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Inflation Stabilization and Welfare
1Princeton University, email@example.com
Citation Information: Contributions in Macroeconomics. Volume 2, Issue 1, Pages –, ISSN (Online) 1534-6005, DOI: 10.2202/1534-6005.1009, February 2002
- Published Online:
This paper derives loss functions for analyses of optimal monetary policy that are grounded in the welfare of private agents, in the case of explicit optimizing models of private-sector behavior in which the real effects of monetary policy result from nominal price rigidity. A quadratic approximation to the utility-based welfare criterion is developed that allows comparison between this criterion and the ad hoc quadratic loss functions typically assumed in the literature on monetary policy evaluation. It is shown that the goal of inflation stabilization, generally presumed to be an important (and perhaps the preeminent) goal of monetary policy, can in fact be justified in such a framework, insofar as variable inflation results in real distortions when prices are not adjusted throughout the economy in a perfectly synchronized fashion. The exact sense in which inflation variability matters for welfare, however, depends upon the details of price-setting behavior.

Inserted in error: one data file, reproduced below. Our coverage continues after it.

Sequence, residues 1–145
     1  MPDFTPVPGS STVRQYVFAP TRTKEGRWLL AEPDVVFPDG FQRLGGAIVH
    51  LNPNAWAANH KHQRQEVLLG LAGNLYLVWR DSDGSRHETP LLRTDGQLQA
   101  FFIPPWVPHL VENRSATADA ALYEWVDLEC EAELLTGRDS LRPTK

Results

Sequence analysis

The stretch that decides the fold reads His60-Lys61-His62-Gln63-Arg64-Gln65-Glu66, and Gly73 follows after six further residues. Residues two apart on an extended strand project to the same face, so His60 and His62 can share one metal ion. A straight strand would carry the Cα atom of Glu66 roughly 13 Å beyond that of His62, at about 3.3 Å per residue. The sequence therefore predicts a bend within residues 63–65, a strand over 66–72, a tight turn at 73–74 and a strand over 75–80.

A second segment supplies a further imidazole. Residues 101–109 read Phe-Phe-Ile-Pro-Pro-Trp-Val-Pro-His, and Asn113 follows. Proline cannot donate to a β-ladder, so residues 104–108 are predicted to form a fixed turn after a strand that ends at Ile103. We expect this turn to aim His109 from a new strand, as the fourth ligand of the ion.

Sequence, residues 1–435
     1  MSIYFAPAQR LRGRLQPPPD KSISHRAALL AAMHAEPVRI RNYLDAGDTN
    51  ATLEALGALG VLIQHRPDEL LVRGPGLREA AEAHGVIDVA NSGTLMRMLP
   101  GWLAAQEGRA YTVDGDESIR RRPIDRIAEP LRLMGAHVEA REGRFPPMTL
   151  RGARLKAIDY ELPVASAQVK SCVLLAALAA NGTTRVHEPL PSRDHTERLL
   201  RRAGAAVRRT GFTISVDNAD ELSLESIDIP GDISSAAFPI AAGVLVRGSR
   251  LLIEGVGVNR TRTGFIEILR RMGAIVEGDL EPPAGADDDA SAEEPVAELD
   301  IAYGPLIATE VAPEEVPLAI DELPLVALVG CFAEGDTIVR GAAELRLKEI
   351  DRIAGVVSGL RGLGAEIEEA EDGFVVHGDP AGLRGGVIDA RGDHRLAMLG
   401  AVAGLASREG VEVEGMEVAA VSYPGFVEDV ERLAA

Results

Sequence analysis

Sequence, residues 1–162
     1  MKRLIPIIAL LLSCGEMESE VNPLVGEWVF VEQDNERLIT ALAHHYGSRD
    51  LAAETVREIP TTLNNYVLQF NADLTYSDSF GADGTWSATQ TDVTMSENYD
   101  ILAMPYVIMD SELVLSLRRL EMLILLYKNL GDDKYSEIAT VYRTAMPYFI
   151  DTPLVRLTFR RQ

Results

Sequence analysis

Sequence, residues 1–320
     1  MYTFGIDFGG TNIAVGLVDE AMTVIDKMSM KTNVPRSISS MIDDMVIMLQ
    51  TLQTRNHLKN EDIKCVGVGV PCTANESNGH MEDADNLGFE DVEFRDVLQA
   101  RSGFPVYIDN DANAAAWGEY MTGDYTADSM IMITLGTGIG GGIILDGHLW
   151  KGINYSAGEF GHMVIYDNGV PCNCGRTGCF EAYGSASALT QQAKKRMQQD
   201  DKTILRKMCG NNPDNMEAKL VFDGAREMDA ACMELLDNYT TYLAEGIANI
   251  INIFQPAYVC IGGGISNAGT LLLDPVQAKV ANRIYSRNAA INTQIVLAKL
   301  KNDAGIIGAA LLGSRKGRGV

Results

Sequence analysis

Conditions are described under which optimal policy involves complete stabilization of the price level. It is shown that this may be optimal even in the presence of "supply shocks" of several possible sorts (including technology shocks and exogenous variation in preferences regarding labor supply), and even in the presence of distortions that imply that the optimal output gap is positive (and despite existence of a non-vertical long-run Phillips curve). At the same time, a variety of reasons are discussed why complete price-level stabilization is not optimal in more complicated (and probably more realistic) settings.